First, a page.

But then don’t you run into another of Hibbing and Theiss-Morse’s arguments: People don’t like debate conflict, and they usually become even more dissatisfied participating in contentious decision-making than they did before? Putting debate and disagreement into peoples’ lives has precisely the opposite effect from what we’d hope. They do not engage. They hit the TV listings.

It may be that journalists are simply out of luck. It may be the time to introduce people to diversity is only when they’re young. Possibly in college, when they’re removed from the atmosphere of their youth. At neither of those times, I am assuming here, do journalists bestow much effort on the young (and they’re not often paying customers, so why would they?).

But having missed the opportunity, perhaps they should not expect their well-written profiles and feature stories, or even inclusion of more voices on the Web, to do much for appreciating diversity.

* If, in fact, it needs to be addressed at all — an argument they would question, and one I’m thinking about a lot more now as well. Never mind the entirely separate argument one would need to say this is a journalist’s responsibility to worry about in the first place.

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I don’t know enough about Politico’s audience

This Columbia Journalism Review article I heard about from @ccadelago has a lot of truth to it, I think, but I wonder whether it should come with an important caveat in its use of to argue “the life cycle of a story is no longer the simple reporting-writing-editing-publication; it’s now reporting-writing-editing-publication-syndication-conversation.”

That seems more true when you’re fighting for people who are tapped into a flood of information online. I’m thinking people who have some time, maybe an interest in politics, and who care about HuffPost and Drudge.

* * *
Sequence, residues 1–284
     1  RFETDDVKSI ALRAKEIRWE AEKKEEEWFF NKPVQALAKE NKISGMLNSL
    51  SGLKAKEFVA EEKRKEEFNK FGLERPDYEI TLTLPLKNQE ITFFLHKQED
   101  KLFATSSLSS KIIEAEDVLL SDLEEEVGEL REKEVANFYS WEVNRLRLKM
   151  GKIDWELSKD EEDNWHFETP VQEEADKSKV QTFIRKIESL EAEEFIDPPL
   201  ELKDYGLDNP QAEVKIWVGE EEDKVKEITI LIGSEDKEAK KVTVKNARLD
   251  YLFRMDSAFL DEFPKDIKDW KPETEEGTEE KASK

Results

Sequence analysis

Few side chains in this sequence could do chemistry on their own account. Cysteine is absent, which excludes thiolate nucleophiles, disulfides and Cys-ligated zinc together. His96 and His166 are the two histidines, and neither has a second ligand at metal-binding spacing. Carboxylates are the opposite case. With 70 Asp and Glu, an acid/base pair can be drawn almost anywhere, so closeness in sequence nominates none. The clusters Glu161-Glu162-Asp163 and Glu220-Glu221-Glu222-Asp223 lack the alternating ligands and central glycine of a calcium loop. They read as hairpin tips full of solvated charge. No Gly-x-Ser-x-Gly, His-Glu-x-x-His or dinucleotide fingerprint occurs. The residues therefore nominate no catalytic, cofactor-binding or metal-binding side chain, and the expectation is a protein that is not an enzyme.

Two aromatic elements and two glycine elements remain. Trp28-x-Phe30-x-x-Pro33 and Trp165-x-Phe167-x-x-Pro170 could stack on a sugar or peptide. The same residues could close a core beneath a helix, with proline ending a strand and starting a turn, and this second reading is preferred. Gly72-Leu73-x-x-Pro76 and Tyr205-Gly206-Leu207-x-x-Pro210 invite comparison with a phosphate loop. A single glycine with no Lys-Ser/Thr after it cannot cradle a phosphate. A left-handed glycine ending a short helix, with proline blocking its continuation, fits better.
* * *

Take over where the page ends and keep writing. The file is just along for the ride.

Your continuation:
But what about everybody else? How useful is Garber’s argument for a local news organization whose audience is comprised of people seeking some specific information about their community — and then going off to knit? These news organizations don’t have nearly the competition of the DC media world. Need they be as gung-ho as Politico for Web eyeballs? For, as the article suggests, Politico’s strategy has implications for the kind of coverage that emanates from it.

And not having read the New Republic article yet, I’m not sure what it concludes the Politico’s goals are apart from, as Garber mentions, is “to be the most talked-about and cited in that day’s news cycle.”

But I still feel I can ask: Which news cycle is that? Who’s paying attention to it and what are their demands?

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Some questions about Kachingle

I just finished Steve Outing’s column on Kachingle, which he’s pushing as a better solution for news organizations to make money online. He doesn’t suggest it’s the end-all savior, only that it’s better than micropayments, which has been bandied around a lot lately.

I’ll leave you to read his whole explanation of Kachingle for yourself, but my slimmed down version is:

• You sign up for Kachingle by paying $x a month
• Publishers sign up for Kachingle
• You decide how much of x dollars, if any, you want to go to Kachingle-elibiglbe sites.
• Publishers have to convince you to give them money

I think Kachingle can be successful in that it plays on laziness. My suspicion is people are more likely to pay one fee per month than sign up for multiple different accounts and make different payments.

But Kachingle raises a lot of interesting questions, too.